George P. Pelecanos Soul Circus Reviewed by Rick Kleffel

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Soul Circus

George P. Pelecanos

Little Brown / Time Warner

US Hardcover First

ISBN 0-316-60843-2

Publication Date: 03-15-2003

343 Pages; $24.95

Date Reviewed: 03-16-04

Reviewed by: Rick Kleffel © 2004




06-13-03, 06-14-04

Following characters across a series of novels is a pleasure for the writer as well as the readers. Characters created by the writer grow in unexpected ways. If a character is created and maintained with enough integrity, the growth they undergo as an organic, unplanned creative act can easily seem to be the result of careful artistic planning. In a sense that growth is the result of careful artistic planning; but it's a result that cannot be accurately foreseen. It's all down to the integrity of the characters. If the characters have come to life off the page for the writer, they likely will for the reader.

When George Pelecanos brought together Derek Strange and Terry Quinn in 'Right as Rain', he was operating on instinct. It served him well in the sequel, 'Hell to Pay', when the growth of the characters became a plot element of that powerful novel. In 'Soul Circus', he continues the arc of these fascinating, flawed characters, following them through the mean streets of our nation's capital. Back as well is Granville Oliver, the ghetto boy who remade himself into a powerful criminal only to be turned in by one of his lieutenants. The catalyst that brings the three of these men to turning points in their lives is Mario Durham, a sorry-looking young man who pays Strange and Quinn to locate his girlfriend. The money they're paid might as well be 30 silver coins.

'Soul Circus' follows the format of the other Strange/Quinn mysteries. Readers meet some bad actors, some good actors, and watch, helplessly entranced as events play out in streets ruled by an economy that takes no prisoners. What makes Pelecanos' novels so superior is a combination of stripped-down prose and the depth of characterization that he brings to all sides of all characters. His protagonists, Derek Strange and Terry Quinn, are not unadulterated good guys. Strange has a problem staying faithful to the woman he loves -- who loves him. That he manages to do so in this novel in a small triumph. But Strange is not above taking bad money from bad people, nor is he above breaking the law if it serves his purpose. These acts do come back to haunt him, however. Quinn has a problem with anger, a barely buried self-loathing that takes him into dangerous situations that he then makes even more dangerous.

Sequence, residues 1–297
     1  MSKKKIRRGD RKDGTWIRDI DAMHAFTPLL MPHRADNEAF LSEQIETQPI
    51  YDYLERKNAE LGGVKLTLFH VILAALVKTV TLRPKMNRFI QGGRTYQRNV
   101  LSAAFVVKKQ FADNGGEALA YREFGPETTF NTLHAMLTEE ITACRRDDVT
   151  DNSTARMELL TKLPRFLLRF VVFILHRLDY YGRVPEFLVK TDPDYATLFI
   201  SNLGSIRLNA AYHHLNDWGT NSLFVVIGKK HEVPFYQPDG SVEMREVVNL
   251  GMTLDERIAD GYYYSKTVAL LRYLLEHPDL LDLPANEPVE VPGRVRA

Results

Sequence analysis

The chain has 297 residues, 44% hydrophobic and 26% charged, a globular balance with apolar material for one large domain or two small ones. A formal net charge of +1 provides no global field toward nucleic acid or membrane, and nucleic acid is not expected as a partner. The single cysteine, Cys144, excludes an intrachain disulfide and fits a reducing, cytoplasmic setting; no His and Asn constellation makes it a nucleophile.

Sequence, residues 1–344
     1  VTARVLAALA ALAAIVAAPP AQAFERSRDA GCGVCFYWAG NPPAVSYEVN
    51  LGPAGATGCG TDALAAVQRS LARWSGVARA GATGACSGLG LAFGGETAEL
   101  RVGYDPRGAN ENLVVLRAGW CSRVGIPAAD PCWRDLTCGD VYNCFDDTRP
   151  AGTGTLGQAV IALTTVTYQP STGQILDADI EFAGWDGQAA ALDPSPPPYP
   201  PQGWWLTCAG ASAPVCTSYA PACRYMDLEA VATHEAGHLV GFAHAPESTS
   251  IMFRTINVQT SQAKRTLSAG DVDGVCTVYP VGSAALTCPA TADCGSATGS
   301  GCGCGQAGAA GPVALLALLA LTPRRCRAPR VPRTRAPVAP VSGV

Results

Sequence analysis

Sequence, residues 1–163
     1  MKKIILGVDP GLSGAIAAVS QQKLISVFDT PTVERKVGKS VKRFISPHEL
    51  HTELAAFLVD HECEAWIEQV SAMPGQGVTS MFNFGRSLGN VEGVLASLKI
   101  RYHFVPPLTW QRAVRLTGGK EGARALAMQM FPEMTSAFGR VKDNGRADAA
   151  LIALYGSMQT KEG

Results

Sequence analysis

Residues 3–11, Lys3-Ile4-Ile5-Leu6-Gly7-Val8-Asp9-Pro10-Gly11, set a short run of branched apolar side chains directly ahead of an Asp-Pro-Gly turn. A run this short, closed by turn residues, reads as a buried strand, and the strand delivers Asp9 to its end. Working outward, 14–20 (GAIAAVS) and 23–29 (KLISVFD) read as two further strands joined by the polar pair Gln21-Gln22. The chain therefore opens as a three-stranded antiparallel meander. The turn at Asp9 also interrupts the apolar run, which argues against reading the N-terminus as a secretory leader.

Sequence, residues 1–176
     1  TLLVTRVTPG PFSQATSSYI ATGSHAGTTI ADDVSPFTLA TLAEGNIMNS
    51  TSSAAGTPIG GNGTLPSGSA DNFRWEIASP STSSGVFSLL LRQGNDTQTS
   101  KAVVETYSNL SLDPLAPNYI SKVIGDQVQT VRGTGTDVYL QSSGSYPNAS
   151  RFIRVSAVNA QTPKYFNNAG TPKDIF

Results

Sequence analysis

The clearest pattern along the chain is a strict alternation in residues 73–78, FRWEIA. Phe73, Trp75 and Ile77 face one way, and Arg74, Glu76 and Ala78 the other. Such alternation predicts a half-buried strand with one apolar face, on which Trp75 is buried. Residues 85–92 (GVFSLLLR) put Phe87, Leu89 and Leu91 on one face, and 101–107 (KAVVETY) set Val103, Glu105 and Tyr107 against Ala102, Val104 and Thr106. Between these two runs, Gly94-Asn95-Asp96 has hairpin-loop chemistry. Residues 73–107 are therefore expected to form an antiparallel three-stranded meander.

Similarly, Pelecanos creates some of the most frightening killers to pull triggers that you're likely to read about outside of the newspaper. But what makes these men particularly frightening are the glimpses of goodness and tenderness that go into the mix. Nobody's all good or all bad. While we have a constant tension between blacks and whites, everybody's morals are gray. Particularly affecting in this novel is Ulysses T. Foreman, an ex-cop who has become an illegal gun dealer. He is ruthless and noble, endearingly in love with his sleazy girlfriend and viciously impartial in his insistence on being able to sell guns to both sides of an urban drug-turf battle. It's the kind of characterization that gets a best-supporting actor nomination in the movies.

Though much of this novel will feel happily familiar to his readers, don't think for a moment that Pelecanos is going to tread the same territory that he has in the previous entries. He's on a roll with Derek Strange and Terry Quinn. There are moments of forgiving sweetness that will charm and moments of heartless violence that will chill. In the end, it's the moments of redemption, the glimpses of light in the dark that stay with the readers and bring them back for more. But Pelecanos can seem as heartless as his most dead-eyed killers. The light he creates is surely set off against a dark background, and one does not exist without the other. But it's not that Pelecanos is heartless, really; rather, he observes with an eye so keen, a vision so sharp that it cuts deep, straight to the heart. The pain will be redeemed; but it will hurt. It will hurt a lot.